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Do computer use, TV viewing, and the presence of the media in the bedroom predict school-aged children's sleep habits in a longitudinal study?

https://arctichealth.org/en/permalink/ahliterature256579
Source
BMC Public Health. 2013;13:684
Publication Type
Article
Date
2013
Author
Teija Nuutinen
Carola Ray
Eva Roos
Author Affiliation
Folkhälsan Research Center, Paasikivenkatu 4, 00250 Helsinki, Finland. teija.nuutinen@helsinki.fi
Source
BMC Public Health. 2013;13:684
Date
2013
Language
English
Publication Type
Article
Keywords
Chi-Square Distribution
Child
Computer Terminals - utilization
Family Characteristics
Female
Finland
Health Behavior
Health promotion
Humans
Linear Models
Longitudinal Studies
Male
Questionnaires
Sex Factors
Sleep
Social Media - utilization
Students - psychology
Television - utilization
Time Factors
Abstract
Electronic media use is becoming an increasingly important part of life for today's school-aged children. At the same time, concern of children's sleep habits has arisen, and cross-sectional studies have shown that electronic media use is associated with short sleep duration and sleep disturbances. The purpose of this longitudinal study was to investigate whether baseline electronic media use and media presence in a child's bedroom predicted sleep habits as well as changes in these sleep habits 18 months later among 10- to 11-year-old children in Finland.
The school-aged children (n=353, 51% girls) from 27 schools answered a questionnaire in 2006 and again 2008 in the Helsinki region of Finland. Electronic media use was measured by computer use and TV viewing. Media presence in a child's bedroom means the presence of a TV or a computer in a child's bedroom. Sleep habits were measured by bedtimes on school days and at the weekend days, sleep duration, discrepancy of bedtimes, and discrepancy of sleep duration between school days and weekends. Linear regression analyses were used to examine whether electronic media use and media presence predicted sleep habits with adjustments for grade, family structure, and baseline sleep. Gender differences were also examined.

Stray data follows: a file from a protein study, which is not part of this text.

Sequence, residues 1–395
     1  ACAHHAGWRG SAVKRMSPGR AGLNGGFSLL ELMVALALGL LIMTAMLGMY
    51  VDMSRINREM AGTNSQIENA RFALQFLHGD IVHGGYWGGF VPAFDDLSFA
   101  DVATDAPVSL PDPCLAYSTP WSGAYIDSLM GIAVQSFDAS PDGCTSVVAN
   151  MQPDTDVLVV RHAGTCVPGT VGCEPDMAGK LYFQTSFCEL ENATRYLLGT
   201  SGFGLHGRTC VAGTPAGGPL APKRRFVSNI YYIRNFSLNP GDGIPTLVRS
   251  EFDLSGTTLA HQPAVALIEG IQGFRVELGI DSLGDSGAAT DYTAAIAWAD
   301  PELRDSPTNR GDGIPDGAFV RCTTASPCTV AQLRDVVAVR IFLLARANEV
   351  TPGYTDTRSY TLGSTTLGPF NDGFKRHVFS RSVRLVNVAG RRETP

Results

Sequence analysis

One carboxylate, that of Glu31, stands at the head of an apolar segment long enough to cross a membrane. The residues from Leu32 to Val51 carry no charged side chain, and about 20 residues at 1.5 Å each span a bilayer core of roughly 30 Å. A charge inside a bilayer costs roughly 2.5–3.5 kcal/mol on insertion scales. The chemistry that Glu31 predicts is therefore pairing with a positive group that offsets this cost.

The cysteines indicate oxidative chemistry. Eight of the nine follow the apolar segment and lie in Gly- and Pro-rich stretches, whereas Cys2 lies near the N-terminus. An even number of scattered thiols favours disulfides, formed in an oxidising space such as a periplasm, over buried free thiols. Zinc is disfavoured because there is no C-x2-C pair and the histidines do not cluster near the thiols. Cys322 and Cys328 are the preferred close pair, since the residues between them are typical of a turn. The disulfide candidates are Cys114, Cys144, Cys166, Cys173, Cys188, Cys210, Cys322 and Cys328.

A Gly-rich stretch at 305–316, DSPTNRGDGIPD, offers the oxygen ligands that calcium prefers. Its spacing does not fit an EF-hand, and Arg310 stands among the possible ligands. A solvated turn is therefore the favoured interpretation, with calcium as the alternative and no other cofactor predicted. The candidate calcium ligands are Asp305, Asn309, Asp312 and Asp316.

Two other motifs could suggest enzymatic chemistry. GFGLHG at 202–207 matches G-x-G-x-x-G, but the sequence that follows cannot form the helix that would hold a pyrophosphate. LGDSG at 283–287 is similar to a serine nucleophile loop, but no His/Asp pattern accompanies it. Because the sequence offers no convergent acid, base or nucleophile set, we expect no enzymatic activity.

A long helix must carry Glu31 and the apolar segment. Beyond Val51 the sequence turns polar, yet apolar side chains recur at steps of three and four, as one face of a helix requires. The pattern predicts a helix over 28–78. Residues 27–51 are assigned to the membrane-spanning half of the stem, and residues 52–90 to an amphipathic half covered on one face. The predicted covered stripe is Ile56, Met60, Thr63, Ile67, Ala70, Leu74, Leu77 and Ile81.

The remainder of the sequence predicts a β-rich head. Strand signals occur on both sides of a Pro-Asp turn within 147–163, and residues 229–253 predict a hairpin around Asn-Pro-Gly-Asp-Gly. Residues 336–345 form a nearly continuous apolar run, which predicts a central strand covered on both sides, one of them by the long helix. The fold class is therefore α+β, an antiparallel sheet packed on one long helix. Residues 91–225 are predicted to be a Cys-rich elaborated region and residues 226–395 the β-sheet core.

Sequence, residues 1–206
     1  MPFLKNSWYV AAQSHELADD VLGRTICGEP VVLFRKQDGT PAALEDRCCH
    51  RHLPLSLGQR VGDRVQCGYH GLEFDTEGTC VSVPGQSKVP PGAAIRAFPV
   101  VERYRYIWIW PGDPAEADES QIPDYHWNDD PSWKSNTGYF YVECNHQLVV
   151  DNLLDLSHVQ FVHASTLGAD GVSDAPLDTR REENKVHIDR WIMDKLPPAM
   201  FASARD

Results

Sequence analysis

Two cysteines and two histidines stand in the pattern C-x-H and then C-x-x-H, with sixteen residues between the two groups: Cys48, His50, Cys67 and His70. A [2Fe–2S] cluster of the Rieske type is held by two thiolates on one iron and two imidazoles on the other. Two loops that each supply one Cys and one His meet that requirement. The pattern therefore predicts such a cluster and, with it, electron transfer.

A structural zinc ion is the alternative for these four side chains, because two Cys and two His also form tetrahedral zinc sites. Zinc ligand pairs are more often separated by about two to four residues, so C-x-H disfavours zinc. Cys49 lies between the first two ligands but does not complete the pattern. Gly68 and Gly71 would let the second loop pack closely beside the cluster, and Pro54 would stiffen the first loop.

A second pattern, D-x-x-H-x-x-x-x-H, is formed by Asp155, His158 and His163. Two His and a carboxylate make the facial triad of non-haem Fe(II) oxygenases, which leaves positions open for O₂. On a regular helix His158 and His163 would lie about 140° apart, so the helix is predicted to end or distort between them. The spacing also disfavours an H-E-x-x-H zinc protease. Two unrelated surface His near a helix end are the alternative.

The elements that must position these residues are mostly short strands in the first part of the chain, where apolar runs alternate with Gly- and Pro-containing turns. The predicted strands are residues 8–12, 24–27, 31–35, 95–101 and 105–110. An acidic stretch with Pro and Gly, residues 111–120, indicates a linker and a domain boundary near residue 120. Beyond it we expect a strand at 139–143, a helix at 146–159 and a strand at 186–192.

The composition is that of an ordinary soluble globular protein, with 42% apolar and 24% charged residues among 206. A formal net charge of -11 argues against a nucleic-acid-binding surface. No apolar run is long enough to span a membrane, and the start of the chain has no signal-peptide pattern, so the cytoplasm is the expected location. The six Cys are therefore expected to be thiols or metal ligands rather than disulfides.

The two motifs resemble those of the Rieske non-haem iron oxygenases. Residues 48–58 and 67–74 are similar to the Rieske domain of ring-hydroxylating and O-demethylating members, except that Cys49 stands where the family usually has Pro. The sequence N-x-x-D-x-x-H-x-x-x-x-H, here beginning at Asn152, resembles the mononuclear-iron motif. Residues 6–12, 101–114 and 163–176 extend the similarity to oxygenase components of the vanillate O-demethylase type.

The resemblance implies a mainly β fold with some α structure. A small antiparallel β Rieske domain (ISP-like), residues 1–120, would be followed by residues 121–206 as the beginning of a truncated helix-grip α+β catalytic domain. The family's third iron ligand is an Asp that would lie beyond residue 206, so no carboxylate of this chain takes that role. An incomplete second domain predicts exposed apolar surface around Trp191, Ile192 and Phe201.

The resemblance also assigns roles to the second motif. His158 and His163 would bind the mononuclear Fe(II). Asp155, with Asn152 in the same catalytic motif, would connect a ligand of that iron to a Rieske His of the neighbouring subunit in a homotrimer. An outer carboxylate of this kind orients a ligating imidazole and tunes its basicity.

The children used a computer for one hour per day and watched TV over one hour a day in 2006. They slept over nine hours on school days and over ten hours at the weekends in 2008. Computer use and television viewing predicted significantly shorter sleep duration (p
Notes
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PubMed ID
23886318 View in PubMed
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Effort-reward imbalance and video display unit postural risk factors interact in women on the incidence of musculoskeletal symptoms.

https://arctichealth.org/en/permalink/ahliterature121228
Source
Work. 2013;44(2):133-43
Publication Type
Article
Date
2013
Author
Julie Lapointe
Clermont E Dionne
Chantal Brisson
Sylvie Montreuil
Author Affiliation
Faculty of Pharmacy, Laval University, Québec, Que, Canada.
Source
Work. 2013;44(2):133-43
Date
2013
Language
English
Publication Type
Article
Keywords
Canada
Computer Terminals - utilization
Female
Follow-Up Studies
Humans
Incidence
Job Satisfaction
Male
Musculoskeletal Diseases - prevention & control - psychology - rehabilitation
Postural Balance - physiology
Risk factors
Abstract
This study investigated gender-specific interaction between effort-reward imbalance and video display unit (VDU) postural risk factors at work on the incidence of self-reported musculoskeletal symptoms in the shoulder-neck, lower back and upper limbs regions.
A cohort of 2,431 VDU users - consisting of white-collar workers in three Canadian public service organizations - was assessed on postural risk factors and effort-reward imbalance at work.
After a mean follow-up time of three years, the six-month incidence proportion of musculoskeletal symptoms in each body region was measured. Interaction was estimated with the attributable proportion of cases due to interaction.
For women, two significant attributable proportions due to interaction between effort-reward imbalance and postural risk factors were observed in the shoulder-neck (64%) and upper limbs (57%) regions, while an interaction of 25%, although not significant, was observed in the lower back. No interaction was observed for men.
This interaction means that, among women, when effort-reward imbalance and postural risk factors are simultaneously present, the incidence of musculoskeletal symptoms is greater than the sum of effects of the individual factors. Successful interventions on either one of these exposures would thus have the supplemental benefit of preventing cases due to interaction.
PubMed ID
22927580 View in PubMed
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